Socially Acceptable Addictions

How could an addiction be socially acceptable? It’s truly a matter of semantics – and of the tolerance of the addict’s peer group. Generally, we avoid using words such as addiction, problematic, or out of control for behaviours that we consider socially acceptable – even when excessive. The term addiction is usually reserved for that which we deem socially inappropriate or deviant; and the specific behaviours encapsulated by that label vary according to social customs and standards of time and place. What does that mean?

Simply put, it’s difficult to view consuming illegal drugs, such as cocaine, as acceptable in social settings; however, consider the same behaviour from a different perspective: if everyone attending a party has partaken in cocaine, then the one person abstaining will be viewed as “outside” the norm and seen as less socially acceptable. Even cigarette smoking is increasingly viewed as an intolerable habit, though our grandparents’ and even our parents’ generations favoured the use of tobacco products.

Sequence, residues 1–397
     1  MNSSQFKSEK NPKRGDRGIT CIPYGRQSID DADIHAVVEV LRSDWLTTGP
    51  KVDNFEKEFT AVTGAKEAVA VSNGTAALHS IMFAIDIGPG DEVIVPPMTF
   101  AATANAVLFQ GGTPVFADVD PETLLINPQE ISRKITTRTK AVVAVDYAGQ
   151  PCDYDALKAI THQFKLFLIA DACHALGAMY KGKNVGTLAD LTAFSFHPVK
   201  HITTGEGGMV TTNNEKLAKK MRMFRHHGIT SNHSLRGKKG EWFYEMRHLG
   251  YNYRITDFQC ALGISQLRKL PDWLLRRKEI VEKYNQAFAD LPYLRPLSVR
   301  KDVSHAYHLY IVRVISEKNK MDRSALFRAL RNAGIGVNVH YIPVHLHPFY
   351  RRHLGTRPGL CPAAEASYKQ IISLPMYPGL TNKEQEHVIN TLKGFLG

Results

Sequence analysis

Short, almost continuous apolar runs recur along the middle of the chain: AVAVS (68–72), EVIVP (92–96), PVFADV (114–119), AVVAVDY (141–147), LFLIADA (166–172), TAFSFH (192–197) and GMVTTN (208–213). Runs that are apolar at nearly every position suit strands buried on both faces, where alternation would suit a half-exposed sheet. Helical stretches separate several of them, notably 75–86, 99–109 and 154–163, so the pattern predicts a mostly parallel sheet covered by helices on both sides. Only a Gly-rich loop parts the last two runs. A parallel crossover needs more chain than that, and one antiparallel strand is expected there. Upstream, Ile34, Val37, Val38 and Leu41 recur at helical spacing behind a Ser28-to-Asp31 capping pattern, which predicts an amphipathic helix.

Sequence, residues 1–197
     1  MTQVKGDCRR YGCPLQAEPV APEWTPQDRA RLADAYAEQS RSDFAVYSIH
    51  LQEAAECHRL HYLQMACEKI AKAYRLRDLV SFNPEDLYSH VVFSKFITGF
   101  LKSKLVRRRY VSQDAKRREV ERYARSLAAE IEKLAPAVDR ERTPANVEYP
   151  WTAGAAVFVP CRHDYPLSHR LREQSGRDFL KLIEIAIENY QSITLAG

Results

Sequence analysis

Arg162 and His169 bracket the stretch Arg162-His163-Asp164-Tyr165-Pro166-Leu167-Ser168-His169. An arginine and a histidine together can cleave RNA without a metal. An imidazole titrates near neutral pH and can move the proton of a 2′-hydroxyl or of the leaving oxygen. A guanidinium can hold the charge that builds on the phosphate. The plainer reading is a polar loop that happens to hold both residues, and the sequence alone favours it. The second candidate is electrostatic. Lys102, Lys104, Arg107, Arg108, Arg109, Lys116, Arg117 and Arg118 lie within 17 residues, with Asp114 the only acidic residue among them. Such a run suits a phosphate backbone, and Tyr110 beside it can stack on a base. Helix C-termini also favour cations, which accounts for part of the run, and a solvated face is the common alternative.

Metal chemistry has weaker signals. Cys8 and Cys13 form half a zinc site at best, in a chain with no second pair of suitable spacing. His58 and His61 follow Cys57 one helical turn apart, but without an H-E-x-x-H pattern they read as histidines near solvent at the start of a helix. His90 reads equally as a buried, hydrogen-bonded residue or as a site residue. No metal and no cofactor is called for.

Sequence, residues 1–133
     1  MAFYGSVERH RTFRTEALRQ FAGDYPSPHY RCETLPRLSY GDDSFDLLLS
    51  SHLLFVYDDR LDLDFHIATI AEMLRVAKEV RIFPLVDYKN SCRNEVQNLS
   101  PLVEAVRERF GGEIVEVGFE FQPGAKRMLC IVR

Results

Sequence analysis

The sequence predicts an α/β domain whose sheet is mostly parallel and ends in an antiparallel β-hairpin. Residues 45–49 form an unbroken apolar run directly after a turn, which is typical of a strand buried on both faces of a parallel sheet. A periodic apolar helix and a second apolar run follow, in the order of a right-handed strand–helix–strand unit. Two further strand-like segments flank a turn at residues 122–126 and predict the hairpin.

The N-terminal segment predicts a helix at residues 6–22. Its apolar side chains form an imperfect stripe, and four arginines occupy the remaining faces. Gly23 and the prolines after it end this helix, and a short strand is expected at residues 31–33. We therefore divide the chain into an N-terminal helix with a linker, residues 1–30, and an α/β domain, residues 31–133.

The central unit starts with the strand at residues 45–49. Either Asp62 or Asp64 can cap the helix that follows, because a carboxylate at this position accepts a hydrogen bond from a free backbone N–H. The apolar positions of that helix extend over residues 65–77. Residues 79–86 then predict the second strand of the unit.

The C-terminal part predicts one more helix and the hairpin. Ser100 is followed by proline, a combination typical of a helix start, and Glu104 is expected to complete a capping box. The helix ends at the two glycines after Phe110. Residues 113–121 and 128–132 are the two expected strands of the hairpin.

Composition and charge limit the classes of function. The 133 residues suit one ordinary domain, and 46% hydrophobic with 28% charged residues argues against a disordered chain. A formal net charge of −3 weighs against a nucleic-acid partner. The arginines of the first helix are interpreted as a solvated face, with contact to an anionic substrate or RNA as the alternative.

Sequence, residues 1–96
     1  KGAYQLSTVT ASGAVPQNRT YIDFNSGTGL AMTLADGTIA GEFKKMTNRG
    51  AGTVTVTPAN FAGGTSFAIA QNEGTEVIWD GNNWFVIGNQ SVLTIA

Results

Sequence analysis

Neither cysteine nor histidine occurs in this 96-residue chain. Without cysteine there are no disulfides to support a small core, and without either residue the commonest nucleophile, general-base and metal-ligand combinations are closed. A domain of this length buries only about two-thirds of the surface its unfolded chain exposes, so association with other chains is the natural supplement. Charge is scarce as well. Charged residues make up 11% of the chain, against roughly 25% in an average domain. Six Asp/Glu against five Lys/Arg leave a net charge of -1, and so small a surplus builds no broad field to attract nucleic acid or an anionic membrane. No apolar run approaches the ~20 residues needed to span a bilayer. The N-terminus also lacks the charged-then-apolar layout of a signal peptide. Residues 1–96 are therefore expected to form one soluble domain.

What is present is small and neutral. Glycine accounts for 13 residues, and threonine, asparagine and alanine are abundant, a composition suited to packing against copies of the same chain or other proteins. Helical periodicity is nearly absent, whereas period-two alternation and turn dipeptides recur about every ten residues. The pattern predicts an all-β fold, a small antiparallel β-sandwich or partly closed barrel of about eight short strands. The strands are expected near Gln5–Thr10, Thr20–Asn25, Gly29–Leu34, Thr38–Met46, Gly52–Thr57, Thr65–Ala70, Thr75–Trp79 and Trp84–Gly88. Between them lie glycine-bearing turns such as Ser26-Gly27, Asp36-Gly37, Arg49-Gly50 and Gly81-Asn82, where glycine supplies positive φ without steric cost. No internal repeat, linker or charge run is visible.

For most of society, certain addictions are permissible, or even encouraged – especially those grounded in consumerism: a love of food, the reliance on caffeine, having a glass of wine with dinner or a cocktail with friends, the use of painkillers (either with a prescription or over-the-counter), dedication to one’s job, physical fitness, shopping, light gambling such as an occasional Bingo Night or Casino trip, and even casual sex (whether within or outside of relationships) are all tolerated by most of society. We will even turn a blind eye to mild transgressions such as one drinking binge, or the executive who spends more than 60 hours at the office every week – so long as no one is hurt, we don’t feel the need to step in and intervene in our loved one’s life. As long as the addict seems to be in control of themselves, and is able to mostly resist temptation, society chooses to ignore their occasional lapse

In truth, any of these seemingly innocent – and far too common – behaviours can be harmful if taken to excess: one wild weekend devolves into drinking to excess every Friday and Saturday night, and then daily. Even children and teens are at risk; the Society for the Study of Addiction discusses methods to diagnose internet gaming disorder – an addiction to video games. At what point should we step in to curb the addictive behaviours of those around us, of those we care for, those we love?

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